In general, family law matters are never easy to confront, whether you’re facing divorce, a child custody issue, or a domestic violence matter. Fortunately, an experienced and compassionate lawyer may be able to help you see your best options and fight to achieve the most strategic result based on your situation. Years of experience have prepared the family law attorneys at King Law with an unparalleled understanding of the intricacies of family law. Our experienced divorce lawyers serve clients throughout South Carolina, including Gaffney, Greer, Spartanburg, and Greenville.
What Are the Grounds for Divorce in South Carolina?
In the state of South Carolina, S.C. Code § 20-3-10 outlines the rules and regulations surrounding divorce. South Carolina recognizes no-fault and fault-based grounds for divorce. Note that to complete a no-fault divorce, each person must have lived separately without cohabitation for over one year. For a fault-based divorce, there are four grounds for divorce in South Carolina:
- Habitual drunkenness
- Physical cruelty
- Abandonment or desertion
It’s also important to note that mental abuse or cruelty isn’t a basis for divorce in South Carolina. Likewise, divorce proceedings generally take place in specific courts called family courts. These judges have jurisdiction over divorce, separations, child support, child custody and visitation, spousal support/alimony, and the division of marital property.
How Long Does Divorce Take in South Carolina?
Dissolving a marriage in South Carolina can be an intricate and emotionally challenging process. Although most people prefer to finish their divorce quickly and move on with their lives, South Carolina divorce laws can complicate the procedure. In general, the length of a divorce depends on a number of factors, including whether or not your divorce is based on fault and whether it was contested or contested.
Is Your Divorce Based on Fault?
If your South Carolina divorce is fault-based, it’s crucial that you meet with a lawyer and file for divorce as soon as possible. Fault-based divorce cases have a 90-day minimum waiting period before a final hearing can be requested. If your divorce isn’t based on fault, it’s important to note that South Carolina requires a one-year separation period before either party can file.
Is Your Divorce Contested or Uncontested?
Whether or not your divorce is uncontested or contested is one of the most critical factors determining how long the divorce process will take.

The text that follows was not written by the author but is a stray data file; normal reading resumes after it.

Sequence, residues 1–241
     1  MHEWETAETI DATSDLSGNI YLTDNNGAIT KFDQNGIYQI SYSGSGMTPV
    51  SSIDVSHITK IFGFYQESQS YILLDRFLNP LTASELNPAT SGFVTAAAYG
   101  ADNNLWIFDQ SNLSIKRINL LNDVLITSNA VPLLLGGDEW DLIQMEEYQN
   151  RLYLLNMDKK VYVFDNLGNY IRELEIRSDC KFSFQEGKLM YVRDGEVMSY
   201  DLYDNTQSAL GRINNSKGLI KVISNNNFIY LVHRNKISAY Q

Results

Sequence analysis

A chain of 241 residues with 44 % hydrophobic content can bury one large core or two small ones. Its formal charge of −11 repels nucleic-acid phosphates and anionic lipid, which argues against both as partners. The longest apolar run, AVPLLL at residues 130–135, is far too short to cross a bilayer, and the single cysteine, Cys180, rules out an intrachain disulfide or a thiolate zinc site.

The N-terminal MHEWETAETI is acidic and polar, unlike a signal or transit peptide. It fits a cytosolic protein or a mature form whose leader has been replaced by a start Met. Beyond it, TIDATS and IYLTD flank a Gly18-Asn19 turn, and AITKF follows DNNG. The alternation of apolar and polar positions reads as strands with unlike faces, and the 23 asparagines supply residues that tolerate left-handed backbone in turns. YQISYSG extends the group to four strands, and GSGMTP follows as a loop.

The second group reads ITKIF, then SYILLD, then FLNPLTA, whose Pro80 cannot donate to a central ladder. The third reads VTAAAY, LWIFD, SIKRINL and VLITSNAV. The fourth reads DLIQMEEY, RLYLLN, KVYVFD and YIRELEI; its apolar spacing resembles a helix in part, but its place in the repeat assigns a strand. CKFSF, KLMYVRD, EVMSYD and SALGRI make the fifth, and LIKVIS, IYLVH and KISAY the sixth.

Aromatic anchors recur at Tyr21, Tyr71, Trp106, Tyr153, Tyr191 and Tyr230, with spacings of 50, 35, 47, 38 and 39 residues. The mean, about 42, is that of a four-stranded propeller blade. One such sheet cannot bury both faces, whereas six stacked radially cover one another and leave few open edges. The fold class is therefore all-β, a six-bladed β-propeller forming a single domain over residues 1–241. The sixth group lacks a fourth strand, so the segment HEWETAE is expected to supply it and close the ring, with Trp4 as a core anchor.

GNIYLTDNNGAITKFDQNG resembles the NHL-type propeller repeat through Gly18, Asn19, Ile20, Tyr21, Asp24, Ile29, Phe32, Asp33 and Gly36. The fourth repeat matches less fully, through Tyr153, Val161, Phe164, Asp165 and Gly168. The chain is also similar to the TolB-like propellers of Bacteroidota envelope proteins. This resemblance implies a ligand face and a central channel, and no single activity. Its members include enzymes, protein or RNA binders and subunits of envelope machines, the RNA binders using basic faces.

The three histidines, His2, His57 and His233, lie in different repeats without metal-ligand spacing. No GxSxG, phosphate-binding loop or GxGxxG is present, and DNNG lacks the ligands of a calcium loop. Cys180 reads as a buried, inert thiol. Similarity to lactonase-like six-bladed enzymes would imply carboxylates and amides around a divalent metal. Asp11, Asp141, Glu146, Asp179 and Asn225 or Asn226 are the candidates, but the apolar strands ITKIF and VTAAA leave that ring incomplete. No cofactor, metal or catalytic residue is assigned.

For an uncontested divorce—meaning that you and your partner agree on all relevant issues—you can file for an Order of Separate Maintenance and Support. Though this doesn’t cover divorce or end your marriage, it can make the one-year separation period easier by providing clear guidelines for how property and responsibilities will be divided.
If your divorce is contested, the length of time will increase as mediation or litigation may be required to resolve the necessary issues.
Other Family Law Issues Related to Divorce We Handle at King Law
At King Law, our divorce lawyers will provide the court with the proper information to ensure a fair outcome to your case, and our experienced counsel helps give you peace of mind throughout a complex legal process. However, it’s important to note that divorce isn’t the only family law issue we handle. Here are a few others:
South Carolina law allows a marriage to be concluded by annulment rather than divorce under certain circumstances. Unlike a divorce, which terminates your marriage, an annulment declares your marriage null and void from its inception. This is akin to saying your marriage never happened in the first place.
Pre- or Post- Nuptial Agreements
Either before or after a couple gets married, they may want to establish an agreement related to the assets or debts. This is often of concern with individuals later in life or in their second or future marriages. After marriage, agreements made between married people—or “post nups”—are often the product of a party attempting to protect property or money earned that may not be incident to the marriage.
A custody proceeding is any court case where legal custody, physical custody, or visitation is decided. This may occur during a divorce, but it could also be the result of a separation, neglect, abuse, paternity, domestic violence, or guardianship proceeding. When faced with the child custody issues of a divorce or a post-divorce relocation, we may be able to provide the necessary guidance for these stressful circumstances.
Oftentimes, the optimal solution is one found outside of court. Our seasoned attorneys assist clients in negotiating a mediated resolution to their family law case, sidestep trips to court, and foster better future communication with the other party.
Many family law issues arise as families grow and change over the years. We have experience helping clients navigate the waters of adjustments in obligations such as child support, alimony, residential relocation, and other related issues.
Trusted Family Law and Divorce Lawyers in South Carolina
The best way to begin moving forward following any family law dispute is to meet with an experienced South Carolina family and divorce lawyer as soon as possible. Fortunately, help is right around the corner at King Law. Our team of knowledgeable lawyers understands the ins and outs of South Carolina family law and is committed to standing by your side throughout the entirety of the legal process.
At King Law, we’re dedicated to building a relationship with our clients to learn about what matters most as they move forward to a better place in their lives. When you partner with our South Carolina family and divorce lawyers, we’ll work tirelessly to do everything we can to attain the most desirable results possible for you and your family. Call the office of King Law at (888) 748-5464 or reach out to us online to schedule a consultation today.